The sandbox’s second session featured Courtney’s commentary about creative expression. She focused on monuments, as well as themes of remembrance, protest, and counternarrative, so as to examine Maya Lin’s proposal for the Vietnam Veterans Memorial. Our third session’s focus on civic annotation was guided by Jen Reidel, a social studies teacher and a former Civics Teacher in Residence for the Library of Congress. Jen discussed Patsy Mink’s handwritten notes for a 1960 speech about civil rights, concluding that “the act of civic engagement itself is a form of annotating one’s own story into that of the American narrative, of which there are many.” Our sandbox session concluded with guests Karen Linn Femia, a senior archives specialist in the Manuscript Division of the Library of Congress, and Josh Levy, the historian of science and technology at the Manuscript Division. Karen and Josh encouraged participants to appreciate “historical weirdness” and “moments of strangeness”—as with an artifact from the Finn Ronne Antarctic Expedition in the 1930s—that can reveal complex narratives about scientific exploration, literature, gender, and place.
Recordings of the four Summer Sandbox presentations are available to view online. Project updates, as well as annotated items, are being shared via social media using #AnnotateLoC. Use of the Speculative Annotation website is free, and you and your students can begin annotating items anytime. This educator guide is a useful starting point that addresses how Speculative Annotation can be used in your classroom. Moreover, if you are interested in ongoing professional learning about Speculative Annotation and classroom annotation practices, please complete the form at the bottom of the sandbox website. These professional learning opportunities will be organized in coordination with sandbox cofacilitator Antero Garcia of Stanford University.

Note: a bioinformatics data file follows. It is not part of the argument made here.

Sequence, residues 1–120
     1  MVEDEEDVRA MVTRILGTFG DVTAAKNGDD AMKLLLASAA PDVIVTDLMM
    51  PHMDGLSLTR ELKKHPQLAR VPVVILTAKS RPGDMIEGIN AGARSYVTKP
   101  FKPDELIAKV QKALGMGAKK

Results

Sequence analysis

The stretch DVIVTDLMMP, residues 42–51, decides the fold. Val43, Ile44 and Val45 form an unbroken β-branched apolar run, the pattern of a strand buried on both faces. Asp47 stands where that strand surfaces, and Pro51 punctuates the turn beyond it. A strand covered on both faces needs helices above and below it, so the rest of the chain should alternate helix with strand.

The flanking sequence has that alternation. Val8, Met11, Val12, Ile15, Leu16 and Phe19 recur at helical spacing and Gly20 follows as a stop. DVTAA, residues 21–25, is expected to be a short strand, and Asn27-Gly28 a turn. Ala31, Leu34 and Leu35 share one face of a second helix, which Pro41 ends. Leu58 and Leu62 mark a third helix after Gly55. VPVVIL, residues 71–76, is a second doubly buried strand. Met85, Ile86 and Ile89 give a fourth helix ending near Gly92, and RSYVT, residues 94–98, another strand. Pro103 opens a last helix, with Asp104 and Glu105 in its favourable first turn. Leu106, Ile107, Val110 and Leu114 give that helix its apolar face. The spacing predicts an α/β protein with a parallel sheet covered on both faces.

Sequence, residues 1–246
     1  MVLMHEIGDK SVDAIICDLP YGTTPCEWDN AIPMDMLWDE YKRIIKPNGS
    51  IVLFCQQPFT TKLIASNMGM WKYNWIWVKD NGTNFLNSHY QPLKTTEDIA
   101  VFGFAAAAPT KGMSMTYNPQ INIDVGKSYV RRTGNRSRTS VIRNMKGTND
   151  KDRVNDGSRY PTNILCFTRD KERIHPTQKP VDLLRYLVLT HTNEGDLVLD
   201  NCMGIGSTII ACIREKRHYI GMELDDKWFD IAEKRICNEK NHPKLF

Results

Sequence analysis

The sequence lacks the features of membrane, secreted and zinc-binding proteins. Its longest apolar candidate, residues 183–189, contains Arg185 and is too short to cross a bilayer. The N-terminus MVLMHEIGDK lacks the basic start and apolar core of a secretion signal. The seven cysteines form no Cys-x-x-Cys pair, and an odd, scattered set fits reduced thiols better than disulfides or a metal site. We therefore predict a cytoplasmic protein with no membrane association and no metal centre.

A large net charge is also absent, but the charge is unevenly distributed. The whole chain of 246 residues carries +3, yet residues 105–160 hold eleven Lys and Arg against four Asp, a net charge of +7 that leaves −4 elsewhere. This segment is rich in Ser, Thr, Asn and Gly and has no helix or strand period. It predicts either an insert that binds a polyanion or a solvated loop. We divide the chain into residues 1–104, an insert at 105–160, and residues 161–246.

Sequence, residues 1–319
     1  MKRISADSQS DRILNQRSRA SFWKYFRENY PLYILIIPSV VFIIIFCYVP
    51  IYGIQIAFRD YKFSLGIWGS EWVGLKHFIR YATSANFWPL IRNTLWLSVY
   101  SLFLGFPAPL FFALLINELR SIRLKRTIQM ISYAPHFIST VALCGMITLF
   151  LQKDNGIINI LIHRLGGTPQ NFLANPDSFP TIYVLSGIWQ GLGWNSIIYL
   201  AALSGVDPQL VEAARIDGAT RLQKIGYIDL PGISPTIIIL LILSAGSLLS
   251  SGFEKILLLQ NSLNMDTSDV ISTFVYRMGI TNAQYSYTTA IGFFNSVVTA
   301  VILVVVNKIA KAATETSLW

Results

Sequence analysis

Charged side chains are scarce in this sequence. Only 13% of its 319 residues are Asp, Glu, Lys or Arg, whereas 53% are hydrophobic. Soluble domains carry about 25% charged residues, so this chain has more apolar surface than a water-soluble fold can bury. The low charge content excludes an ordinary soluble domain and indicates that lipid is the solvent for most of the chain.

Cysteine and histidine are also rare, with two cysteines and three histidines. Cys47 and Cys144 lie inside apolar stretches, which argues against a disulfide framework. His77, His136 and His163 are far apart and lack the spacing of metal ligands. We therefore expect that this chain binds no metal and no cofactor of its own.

During the final session of our sandbox we asked educators: “Why is annotation important for your students’ literacy education?” We heard that annotation slows down the process of reading so learners can “notice what might escape us” and that annotation contributes to deep understanding. With annotation, one participant noted, students “are able to discuss online and have conversations with [the] text, themselves, and each other.” Another educator mentioned how annotation enables students to have a “personal conversation” with texts, emphasizing: “What do they have to add to the dialogue?”
Educators’ wisdom about the value of annotation echoes research indicating that annotation aids students’ reading comprehension, meaning-making, and collaborative learning. Whether with Speculative Annotation or other approaches to this everyday literacy practice, this school year is an opportune time to amplify annotation as students read and write their learning journeys.
Remi Kalir is an associate professor of Learning, Design, and Technology at the University of Colorado Denver. He is the coauthor, with Antero Garcia, of Annotation. Remi is also cofounder of the Marginal Syllabus, a professional learning initiative that uses social annotation to spark and sustain conversation about educational equity. His scholarship about annotation has appeared in the Journal of Literacy Research, English Journal, and Information and Learning Sciences, among other publications. Contact Remi or connect with him via Twitter at @remikalir.